Being honest about your criminal history shows your character and also indicates that you will be honest with your clients. If you try to acquire a license with false information, you may be denied a permit permanently all over the country.

2. Determination of your character

Before you can become a real estate agent, you will need to take a real estate exam. This exam is mandatory all over the USA. When you take the exam, you will need to provide your finger Prints, and you will be subjected to a background check. The information on the background check will be compared to the information you provided on your application.

Furthermore, any records of a felony, misdemeanor, or arrest will be checked against the information you supplied on your criminal history.

In some states, having a criminal record counts as evidence that you have a character flaw. Some offenses can count as huge character flaws. These offenses include drug-related crimes, sex-related-crimes, and violent crimes.

When you pass the real estate exam, the commission will check if you have met all the requirements. If you meet all the requirements, your application for a real estate agent's license will be considered. It can take up to 45 days before you receive the verdict of your application.

If the commission discovers that you have a pending criminal case or you are in the middle of a court hearing, the commission will delay evaluating your application. When the verdict of the criminal case is reached, the commission will assess your application based on the outcome of the hearing.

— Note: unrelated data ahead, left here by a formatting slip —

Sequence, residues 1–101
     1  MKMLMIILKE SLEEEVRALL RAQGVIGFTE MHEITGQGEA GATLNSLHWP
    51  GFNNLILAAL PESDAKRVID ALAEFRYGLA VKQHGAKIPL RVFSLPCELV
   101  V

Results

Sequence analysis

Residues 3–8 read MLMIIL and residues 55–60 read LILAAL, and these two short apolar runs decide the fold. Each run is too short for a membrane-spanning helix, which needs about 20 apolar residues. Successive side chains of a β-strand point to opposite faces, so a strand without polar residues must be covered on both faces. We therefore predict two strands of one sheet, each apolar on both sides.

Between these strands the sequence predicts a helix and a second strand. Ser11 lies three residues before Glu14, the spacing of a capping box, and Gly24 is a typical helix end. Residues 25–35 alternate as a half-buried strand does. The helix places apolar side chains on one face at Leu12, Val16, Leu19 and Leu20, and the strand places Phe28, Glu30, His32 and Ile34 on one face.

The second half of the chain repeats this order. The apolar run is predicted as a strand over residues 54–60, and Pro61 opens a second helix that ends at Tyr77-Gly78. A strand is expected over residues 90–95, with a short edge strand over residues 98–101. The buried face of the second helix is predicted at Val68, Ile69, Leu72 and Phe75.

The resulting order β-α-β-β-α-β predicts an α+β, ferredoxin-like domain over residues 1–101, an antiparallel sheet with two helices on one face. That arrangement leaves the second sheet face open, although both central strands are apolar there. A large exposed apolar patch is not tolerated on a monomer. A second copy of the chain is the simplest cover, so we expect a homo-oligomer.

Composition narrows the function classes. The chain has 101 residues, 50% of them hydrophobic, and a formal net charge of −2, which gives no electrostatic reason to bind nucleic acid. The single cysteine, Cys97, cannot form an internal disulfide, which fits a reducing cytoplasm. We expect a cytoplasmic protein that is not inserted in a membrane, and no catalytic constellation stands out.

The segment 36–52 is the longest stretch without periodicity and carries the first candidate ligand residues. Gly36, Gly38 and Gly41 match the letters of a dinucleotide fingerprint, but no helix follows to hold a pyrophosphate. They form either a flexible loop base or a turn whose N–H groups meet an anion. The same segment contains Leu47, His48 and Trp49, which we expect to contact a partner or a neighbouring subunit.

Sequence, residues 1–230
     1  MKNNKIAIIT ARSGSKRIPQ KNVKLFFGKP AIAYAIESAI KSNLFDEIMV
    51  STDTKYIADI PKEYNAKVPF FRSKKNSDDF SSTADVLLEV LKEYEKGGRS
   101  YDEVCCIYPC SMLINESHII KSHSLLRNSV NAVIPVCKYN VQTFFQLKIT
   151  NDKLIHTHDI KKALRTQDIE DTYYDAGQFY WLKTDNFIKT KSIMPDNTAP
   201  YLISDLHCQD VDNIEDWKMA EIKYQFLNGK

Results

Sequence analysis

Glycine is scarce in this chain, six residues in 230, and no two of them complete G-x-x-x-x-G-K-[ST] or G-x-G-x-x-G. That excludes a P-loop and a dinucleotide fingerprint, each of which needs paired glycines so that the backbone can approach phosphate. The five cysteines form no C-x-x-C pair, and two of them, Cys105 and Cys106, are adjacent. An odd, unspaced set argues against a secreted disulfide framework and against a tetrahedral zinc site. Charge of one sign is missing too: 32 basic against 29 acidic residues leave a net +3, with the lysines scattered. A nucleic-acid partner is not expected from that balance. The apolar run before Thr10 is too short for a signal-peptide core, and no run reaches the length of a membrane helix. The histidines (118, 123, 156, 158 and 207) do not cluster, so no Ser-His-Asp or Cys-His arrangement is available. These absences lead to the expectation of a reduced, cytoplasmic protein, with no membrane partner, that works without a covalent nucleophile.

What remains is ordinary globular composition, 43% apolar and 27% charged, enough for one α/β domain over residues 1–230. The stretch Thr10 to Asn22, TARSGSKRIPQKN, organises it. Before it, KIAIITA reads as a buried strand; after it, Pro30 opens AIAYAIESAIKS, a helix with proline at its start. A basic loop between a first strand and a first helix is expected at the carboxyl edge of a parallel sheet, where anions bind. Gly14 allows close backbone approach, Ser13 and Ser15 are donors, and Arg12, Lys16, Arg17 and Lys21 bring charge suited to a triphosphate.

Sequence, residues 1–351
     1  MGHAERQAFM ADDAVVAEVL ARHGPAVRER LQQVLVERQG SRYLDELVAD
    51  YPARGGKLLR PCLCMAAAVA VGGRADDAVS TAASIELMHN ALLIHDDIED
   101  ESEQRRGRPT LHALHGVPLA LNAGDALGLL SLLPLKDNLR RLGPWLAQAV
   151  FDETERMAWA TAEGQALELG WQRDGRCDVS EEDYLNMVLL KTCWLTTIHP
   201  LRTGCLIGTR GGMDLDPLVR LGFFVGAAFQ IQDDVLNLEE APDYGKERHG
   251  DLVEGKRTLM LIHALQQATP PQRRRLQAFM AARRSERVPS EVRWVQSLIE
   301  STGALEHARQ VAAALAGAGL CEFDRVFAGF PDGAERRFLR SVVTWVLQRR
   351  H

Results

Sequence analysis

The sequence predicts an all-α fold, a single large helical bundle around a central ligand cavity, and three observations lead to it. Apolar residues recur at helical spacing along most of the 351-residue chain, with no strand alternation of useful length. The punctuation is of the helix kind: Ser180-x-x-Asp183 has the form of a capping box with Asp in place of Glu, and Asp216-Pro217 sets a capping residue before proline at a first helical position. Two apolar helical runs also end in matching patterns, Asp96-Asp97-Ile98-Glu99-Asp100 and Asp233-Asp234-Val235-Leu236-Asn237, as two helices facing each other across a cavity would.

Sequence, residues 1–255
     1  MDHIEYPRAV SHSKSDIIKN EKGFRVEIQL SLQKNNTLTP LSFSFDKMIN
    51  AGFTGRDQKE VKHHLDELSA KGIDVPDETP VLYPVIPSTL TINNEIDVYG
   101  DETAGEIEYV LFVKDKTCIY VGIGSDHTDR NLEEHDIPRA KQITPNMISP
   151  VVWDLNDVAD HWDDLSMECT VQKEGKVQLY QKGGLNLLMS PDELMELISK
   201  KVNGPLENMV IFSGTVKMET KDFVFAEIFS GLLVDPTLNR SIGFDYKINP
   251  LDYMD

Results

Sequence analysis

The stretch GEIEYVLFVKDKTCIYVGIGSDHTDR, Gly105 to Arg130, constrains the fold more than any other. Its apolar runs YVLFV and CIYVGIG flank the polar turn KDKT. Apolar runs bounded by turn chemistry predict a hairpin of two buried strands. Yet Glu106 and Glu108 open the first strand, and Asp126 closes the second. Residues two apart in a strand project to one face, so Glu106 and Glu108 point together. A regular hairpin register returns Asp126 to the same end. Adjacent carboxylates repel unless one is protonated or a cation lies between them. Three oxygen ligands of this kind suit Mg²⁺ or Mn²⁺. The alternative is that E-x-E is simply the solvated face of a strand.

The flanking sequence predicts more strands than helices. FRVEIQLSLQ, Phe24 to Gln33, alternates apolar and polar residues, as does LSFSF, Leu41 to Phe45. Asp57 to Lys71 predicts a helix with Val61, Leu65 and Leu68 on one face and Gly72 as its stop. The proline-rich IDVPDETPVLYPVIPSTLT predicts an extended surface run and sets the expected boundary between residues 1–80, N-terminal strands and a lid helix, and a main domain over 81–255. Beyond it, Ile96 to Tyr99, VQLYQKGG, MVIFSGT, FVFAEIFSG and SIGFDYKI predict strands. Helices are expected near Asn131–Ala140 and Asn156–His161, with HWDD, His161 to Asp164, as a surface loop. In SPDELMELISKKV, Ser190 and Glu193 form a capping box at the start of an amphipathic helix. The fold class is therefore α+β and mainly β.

Importantly, apart from checking for your criminal record, the commission may also check your credit report. The commission can use your credit report to determine if you are financially responsible.

If you disclose your criminal history, pass the real estate exam, and meet the requirements, you will be given a license. However, if the commission denies you a license, you can appeal the decision.

Factors that will affect if you are given a real estate license


1. The details of your criminal convictions

Being convicted of a felony can count as a character flaw and cause your application for a license to be denied. However, despite having a criminal record, you might still be granted a real estate license. Individuals who were convicted of violent crimes or sex-related crimes could be ineligible to become real estate agents. This is because real estate agents have access to the address and personal information of their clients. Hence to ensure the safety of the clients, only individuals who would not endanger the safety of clients are granted a real estate license.

If the crime you committed is related to your job as a real estate officer, in some states, your application will be denied.

In conclusion, a felon can work as a real estate agent. If you have the right documents, are of good character, and pass the licensing exam, you will be given a license. Felons who want a real estate license can improve their chances of being granted a license by applying for an expungement or sealing of their criminal records.